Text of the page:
Welcome Matty Beard (LGSW/MSW), our new Case Manager & Advocacy Specialist to the DC Center! Matty (they/them preferred) looks forward to being in person and connecting with the community. You can currently connect with Matty at the DC Center on Monday – Wednesday & Friday from 12-6pm. Matty is looking forward to working with the DC Anti-Violence Project (DCAVP) and being part of a team of beautiful, awesome queer people doing amazing things for the community.
Birthdate, Astro Sign
April 29th, 1992
Taurus Sun | Aries Moon | Libra Rising
Where are you originally from?
Why did you start working at the DC Center?
Ultimately, to give back to the community and city that raised me and supported me when I needed it most. I come to the DC Center and community we serve with an emphasis in abolition, harm-reduction and dismantling of white supremacy. I will be working closely with individuals and groups who are part of the LGBTQ+ community, especially those underserved, living with insecurities such as food, housing, substance abuse disorder/behavioral health needs, who regularly must interface with institutional systems of oppression. The process of navigating social services can often be (re)traumatizing and intentionally soul-crushing by design. Seeking help requires a lot of strength and resiliency as well as often requiring a person working within be that connection in gaining security.
As part of my role I will be:
- available to the members of our community. In-person & online. I am here to listen and can be reached at email@example.com, or feel free to drop in anytime between 12-6pm M-W, F.
- a knowledgeable resource for people. There are often a plethora of resources in the form of assistance, support, funding and events that go unnoticed and underutilized.
- active and responsive to the changing needs of the individuals and communities we serve. I will advocate and work with community members to create opportunities for their stories to be heard. Also, providing critical education for people work with our community in dismantling professionalism, the importance of identity/gender-affirming care and work in anti-racism/decolonization.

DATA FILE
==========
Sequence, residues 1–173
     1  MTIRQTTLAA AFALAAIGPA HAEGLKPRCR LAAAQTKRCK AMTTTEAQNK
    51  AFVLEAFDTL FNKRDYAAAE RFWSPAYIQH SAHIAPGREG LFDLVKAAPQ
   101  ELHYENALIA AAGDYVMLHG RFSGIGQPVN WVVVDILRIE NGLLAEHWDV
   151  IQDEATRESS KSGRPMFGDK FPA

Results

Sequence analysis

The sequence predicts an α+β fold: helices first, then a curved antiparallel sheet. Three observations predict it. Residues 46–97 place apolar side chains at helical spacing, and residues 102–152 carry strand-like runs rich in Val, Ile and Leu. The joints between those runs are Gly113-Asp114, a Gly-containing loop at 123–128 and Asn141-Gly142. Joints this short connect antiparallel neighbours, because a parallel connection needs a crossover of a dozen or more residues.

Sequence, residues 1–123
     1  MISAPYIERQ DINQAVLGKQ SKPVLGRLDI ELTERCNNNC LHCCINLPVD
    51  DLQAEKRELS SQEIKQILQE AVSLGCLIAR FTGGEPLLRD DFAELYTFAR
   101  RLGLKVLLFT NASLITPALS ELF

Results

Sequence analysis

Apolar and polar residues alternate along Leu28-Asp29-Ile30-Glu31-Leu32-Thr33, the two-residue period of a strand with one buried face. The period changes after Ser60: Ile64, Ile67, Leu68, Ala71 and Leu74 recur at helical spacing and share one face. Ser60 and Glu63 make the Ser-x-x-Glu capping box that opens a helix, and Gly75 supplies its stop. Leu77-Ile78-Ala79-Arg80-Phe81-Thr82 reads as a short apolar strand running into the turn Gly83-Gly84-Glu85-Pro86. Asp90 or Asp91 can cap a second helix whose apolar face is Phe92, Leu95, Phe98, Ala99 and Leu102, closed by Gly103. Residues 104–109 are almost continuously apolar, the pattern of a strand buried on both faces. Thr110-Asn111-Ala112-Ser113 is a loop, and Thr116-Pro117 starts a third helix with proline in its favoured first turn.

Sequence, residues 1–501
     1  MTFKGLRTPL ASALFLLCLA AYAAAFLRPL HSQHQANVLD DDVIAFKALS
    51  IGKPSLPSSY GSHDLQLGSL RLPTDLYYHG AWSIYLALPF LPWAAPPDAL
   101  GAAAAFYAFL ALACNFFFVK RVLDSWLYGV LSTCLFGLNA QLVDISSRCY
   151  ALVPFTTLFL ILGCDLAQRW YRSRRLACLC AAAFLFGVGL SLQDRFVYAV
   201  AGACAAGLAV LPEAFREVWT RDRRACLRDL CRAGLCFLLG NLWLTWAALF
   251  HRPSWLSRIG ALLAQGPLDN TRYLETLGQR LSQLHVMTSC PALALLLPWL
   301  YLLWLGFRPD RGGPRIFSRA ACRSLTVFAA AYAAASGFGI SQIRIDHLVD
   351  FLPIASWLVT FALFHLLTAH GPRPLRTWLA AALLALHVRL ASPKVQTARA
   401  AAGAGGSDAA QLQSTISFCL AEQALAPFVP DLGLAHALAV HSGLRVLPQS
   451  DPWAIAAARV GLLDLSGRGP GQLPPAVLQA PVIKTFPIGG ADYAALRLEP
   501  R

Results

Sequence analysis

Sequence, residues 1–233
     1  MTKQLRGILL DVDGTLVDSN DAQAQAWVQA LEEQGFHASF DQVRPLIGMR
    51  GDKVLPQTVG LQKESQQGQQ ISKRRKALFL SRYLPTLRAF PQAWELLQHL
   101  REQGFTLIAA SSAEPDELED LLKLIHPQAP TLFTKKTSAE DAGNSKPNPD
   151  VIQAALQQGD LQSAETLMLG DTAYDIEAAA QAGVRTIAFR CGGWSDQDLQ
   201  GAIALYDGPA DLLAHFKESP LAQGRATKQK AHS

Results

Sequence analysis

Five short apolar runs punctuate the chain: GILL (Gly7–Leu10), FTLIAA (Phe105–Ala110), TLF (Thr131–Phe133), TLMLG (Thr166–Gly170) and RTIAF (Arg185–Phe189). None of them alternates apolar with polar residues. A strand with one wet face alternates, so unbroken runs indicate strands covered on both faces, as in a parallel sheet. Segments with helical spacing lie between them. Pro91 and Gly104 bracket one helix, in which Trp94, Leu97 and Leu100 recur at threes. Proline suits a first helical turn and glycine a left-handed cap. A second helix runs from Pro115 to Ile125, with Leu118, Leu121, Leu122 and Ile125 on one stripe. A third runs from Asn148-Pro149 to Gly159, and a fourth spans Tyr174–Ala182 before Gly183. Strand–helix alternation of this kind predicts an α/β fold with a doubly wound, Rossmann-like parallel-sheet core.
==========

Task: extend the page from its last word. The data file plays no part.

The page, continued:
What has been your favorite part about working at the DC Center?
Joining the team in the years since the start of the COVID-19 pandemic has been a humbling reminder of how important community centers are. Just the ability to offer a consistent space for LGBTQ+ people has reminded me what pride personally feels like. Being available to talk with people in our community has already been incredibly rewarding.
What is your music anthem?
Gloria by Laura Branigan
What is your favorite part about the LGBTQ+ community?
How my identity as a queer, non-binary has changed and evolved over time and my relationship to the community has as well. It often feels like what I’ve sought and needed the most from the community is adaptive and changes very fluidly. I feel lucky to have that in a community.
What is your favorite spot in DC and what do you do there?
DuPont. Either hanging in the circle or walking down 17th between S & P St. This is something I’ve always done but have more appreciation for how connected it makes me feel as I have gotten older. I love seeing older queer people, especially couples. It feels like a good reminder of how much I have already lived but also how much is still ahead.
What is your favorite queer movie?
What color would you paint the White House, given the chance?
I’m color-blind so probably not the best person to consult on a paint job.
Who do you look up to in the queer community?
Our elders. I think queerness gets recontextualized every generation but there is so much that we can universally gain from looking up to older queer folks. I have a wealth of respect and admiration for those who came before and I feel lucky enough to have older community members that remind me regularly the importance of shared connection, and in the end, what really matters to me.